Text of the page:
Fall used to be my favorite season.
I loved the change in the air, the colors, and most of all the smells: smoke, cinnamon, warming dough, pumpkin, cider, dried vegetation. The crisp wind also signaled new prospects. The school year always brought another chance to be better, to stand out in some previously unimaginable way, even though the reality was that every move I made at school was oriented toward not standing out.
Several things have slowly chipped away at my welcoming attitude toward fall as an adult. During a particularly bad season, I learned from Kay Redfield Jamison's Night Falls Fast (you know, just some LIGHT READING) that the likelihood of suicide peaks in the fall.
I never forgot that tidbit as I walked through the ensuing banks of dying leaves and cheerless Halloween displays, hardening myself against the deepening chill and becoming fearful of how the darkness encroaching on daytime would eventually obscure whatever brightness survived inside me.
The last fall that I remember enjoying involved a corn maze and small towns and colorful drives. After that came a series of autumnless years in San Francisco, then a fall spent preparing for and recuperating from a surgery, then a fall spent driving to and from a job I utterly loathed. I did find love during an October, but it was disconnected from the colors and smells of the season.
By the time this past August rolled around, I was trying to ignore the rising sense of dread at summer ending. Hurricane Irene buzzsawed through my attempt to bid summer a proper farewell by the sea. The first day after Labor Day dawned cold and cloudy.
Now it's October, and I walk through the streets looking at my phone half the time, maybe turning my face to the sun a couple of times before going to soak up the rays in front of some glowing rectangle at the office or at home.
Ironically, I started thinking about maybe going on some kind of tech fast directly after reading a few obituaries about Steve Jobs (on my iPhone, natch). Taking a break from the screen on the train, I switched to magazines and read "Personal Best," an article in The New Yorker about coaching written by the surgeon Atul Gawande.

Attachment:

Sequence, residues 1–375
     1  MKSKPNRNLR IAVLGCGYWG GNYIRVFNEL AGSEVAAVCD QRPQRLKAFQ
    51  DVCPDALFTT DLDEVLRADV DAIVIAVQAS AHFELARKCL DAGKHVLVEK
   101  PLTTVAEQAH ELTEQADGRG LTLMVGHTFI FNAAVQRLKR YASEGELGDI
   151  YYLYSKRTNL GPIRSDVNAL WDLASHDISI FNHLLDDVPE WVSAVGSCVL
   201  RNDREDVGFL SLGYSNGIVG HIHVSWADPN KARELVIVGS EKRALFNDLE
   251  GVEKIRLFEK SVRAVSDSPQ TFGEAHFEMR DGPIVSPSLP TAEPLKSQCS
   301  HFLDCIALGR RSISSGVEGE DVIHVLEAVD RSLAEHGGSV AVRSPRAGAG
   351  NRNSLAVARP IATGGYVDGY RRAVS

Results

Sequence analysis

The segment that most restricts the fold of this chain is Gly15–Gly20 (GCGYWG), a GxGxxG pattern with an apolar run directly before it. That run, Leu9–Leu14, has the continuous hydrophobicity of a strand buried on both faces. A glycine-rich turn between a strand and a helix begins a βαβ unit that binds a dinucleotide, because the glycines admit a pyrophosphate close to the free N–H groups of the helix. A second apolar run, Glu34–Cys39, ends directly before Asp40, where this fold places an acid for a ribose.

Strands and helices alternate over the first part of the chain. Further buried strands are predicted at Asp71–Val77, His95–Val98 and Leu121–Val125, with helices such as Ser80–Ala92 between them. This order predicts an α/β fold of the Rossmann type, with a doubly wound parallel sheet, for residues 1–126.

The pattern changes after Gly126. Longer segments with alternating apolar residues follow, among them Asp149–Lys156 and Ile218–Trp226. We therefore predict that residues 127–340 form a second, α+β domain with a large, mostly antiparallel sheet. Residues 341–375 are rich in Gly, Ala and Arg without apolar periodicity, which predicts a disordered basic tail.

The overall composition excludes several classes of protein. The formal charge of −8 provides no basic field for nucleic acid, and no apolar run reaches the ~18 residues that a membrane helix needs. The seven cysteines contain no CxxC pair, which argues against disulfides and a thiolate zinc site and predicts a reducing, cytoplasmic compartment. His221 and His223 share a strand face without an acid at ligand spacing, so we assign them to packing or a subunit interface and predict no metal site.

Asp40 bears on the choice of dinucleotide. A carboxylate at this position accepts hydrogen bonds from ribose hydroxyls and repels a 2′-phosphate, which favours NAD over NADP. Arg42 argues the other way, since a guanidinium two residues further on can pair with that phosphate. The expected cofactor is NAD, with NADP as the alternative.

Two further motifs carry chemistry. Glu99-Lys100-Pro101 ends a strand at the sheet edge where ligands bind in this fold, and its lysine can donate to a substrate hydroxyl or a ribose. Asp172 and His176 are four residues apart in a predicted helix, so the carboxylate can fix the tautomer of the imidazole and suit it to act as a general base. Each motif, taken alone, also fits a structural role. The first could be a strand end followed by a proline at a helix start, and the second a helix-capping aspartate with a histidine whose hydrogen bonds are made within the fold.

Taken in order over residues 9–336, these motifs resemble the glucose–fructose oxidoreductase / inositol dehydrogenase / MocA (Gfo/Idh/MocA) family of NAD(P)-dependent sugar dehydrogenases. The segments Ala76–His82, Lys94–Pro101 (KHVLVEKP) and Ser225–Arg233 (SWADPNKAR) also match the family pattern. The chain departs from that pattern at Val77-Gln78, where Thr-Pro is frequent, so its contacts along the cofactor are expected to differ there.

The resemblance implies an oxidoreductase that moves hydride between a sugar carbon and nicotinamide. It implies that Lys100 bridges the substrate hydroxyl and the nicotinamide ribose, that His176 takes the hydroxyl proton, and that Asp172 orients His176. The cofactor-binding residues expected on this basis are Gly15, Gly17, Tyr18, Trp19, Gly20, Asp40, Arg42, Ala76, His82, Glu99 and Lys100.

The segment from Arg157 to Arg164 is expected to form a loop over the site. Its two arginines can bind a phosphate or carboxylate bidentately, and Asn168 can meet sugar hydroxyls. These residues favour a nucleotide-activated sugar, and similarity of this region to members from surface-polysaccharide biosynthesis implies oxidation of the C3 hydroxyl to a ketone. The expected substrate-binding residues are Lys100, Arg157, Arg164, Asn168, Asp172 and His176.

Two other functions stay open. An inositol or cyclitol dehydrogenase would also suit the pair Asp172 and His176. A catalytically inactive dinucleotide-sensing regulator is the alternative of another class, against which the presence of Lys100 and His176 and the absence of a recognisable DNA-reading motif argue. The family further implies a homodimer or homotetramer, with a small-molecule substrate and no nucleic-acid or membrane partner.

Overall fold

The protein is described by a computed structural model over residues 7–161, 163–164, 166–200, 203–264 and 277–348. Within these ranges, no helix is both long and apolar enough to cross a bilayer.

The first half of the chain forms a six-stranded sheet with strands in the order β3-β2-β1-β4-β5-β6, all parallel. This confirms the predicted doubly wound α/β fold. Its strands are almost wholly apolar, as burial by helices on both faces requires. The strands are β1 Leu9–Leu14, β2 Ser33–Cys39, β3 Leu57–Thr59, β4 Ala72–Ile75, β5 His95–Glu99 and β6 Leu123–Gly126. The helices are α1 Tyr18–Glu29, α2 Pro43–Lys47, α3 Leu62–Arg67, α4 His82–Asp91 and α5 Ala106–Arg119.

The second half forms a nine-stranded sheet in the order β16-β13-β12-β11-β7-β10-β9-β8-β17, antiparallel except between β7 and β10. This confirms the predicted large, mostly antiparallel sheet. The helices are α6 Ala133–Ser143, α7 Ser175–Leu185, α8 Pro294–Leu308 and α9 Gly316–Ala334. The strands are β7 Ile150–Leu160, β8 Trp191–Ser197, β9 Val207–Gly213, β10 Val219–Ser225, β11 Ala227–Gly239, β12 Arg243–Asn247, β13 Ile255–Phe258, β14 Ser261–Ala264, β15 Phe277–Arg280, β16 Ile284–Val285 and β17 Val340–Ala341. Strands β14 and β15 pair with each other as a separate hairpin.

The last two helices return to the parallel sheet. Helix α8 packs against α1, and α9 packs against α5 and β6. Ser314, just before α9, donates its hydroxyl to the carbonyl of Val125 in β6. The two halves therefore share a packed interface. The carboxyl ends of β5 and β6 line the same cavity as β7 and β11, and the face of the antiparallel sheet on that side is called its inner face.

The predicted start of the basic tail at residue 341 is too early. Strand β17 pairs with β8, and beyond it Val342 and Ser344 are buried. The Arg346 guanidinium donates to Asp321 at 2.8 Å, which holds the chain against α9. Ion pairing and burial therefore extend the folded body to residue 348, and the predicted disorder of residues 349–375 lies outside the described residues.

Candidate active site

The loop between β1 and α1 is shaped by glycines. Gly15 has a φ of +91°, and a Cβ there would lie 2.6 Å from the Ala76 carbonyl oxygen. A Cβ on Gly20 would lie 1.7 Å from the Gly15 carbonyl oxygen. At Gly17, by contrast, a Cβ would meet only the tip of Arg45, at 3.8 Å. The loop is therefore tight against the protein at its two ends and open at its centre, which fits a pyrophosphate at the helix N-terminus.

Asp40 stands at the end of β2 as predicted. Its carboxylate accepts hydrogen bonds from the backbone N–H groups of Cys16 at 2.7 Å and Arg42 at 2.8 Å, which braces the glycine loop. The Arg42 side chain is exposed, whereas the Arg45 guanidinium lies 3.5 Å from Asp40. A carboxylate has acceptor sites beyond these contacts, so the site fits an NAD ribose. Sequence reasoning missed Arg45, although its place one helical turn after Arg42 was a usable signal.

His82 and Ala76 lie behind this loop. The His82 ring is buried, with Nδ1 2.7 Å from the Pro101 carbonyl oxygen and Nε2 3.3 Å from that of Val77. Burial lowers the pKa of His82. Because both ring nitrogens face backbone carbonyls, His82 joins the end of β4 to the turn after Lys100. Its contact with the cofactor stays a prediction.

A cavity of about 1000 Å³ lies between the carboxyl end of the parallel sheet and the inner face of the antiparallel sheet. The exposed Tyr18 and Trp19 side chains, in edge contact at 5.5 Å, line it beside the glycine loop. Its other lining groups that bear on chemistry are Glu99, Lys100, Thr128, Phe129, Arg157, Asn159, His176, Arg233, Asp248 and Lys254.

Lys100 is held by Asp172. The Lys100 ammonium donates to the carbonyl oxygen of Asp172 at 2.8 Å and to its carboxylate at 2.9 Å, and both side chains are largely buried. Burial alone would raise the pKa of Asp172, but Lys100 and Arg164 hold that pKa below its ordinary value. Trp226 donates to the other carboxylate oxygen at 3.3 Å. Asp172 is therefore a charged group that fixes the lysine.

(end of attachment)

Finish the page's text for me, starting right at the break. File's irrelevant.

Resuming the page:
"Surgery is, at least, a relatively late-peaking career," Gawande writes. "It's not like mathematics or baseball or pop music, where your best work is often behind you by the time you're thirty. Jobs that involve the complexities of people or nature seem to take the longest to master: the average age at which the S&P 500 chief executive officers are hired is fifty-two, and the age of maximum productivity for geologists, one study estimated, is around fifty-four."
I felt a surge of hope reading Gawande's career analysis, thinking of all the late-blooming authors in the world and the idea that there was still time to become one of them. After all, writing (and, contrary to Gawande's analysis, pop music) does involve the complexities of people and nature. But then I thought of all the early-peaking authors and wondered if writing belonged with pop music in some ineffable space where you get a glimpse of human feeling and a brief chance to capture it, and then you're washed up.
Either way, what have I been doing to master writing -- or anything? To be honest, precious little. I've been screwing around and trying to avoid failure. Here I was reading about two people -- Jobs and Gawande -- who have arrived at significant contributions to society by being willing to fail and by engaging with the world (the one not on the screen). I have derived major personal benefits from these contributions to technology and medicine.
Of course, on the technological front, there are downsides. Here are a few things I do less since the iWeb became a daily fixture in my life:
- any writing
- listening to albums
- watching people
- reading books
- doing crosswords
- calling my mom
- looking long and hard at anything
- staring out the window
Technology is not to blame for this -- it's just an accessory. It does reduce the ability to pay attention to the real world, to the things that matter. The tool that makes life easier becomes a substitute for your actual life. The network that connects you to people also erodes the need for their presence. Distractions become distractions from distractions.
And now it's fall. The swirling leaves are as incontrovertible as the gathering lines around my eyes. It's a do-or-die kind of season. And it's not too late to master something, even if it is only turning my face to the sun. It's not too late to love fall again.
Music: "Autumn Leaves"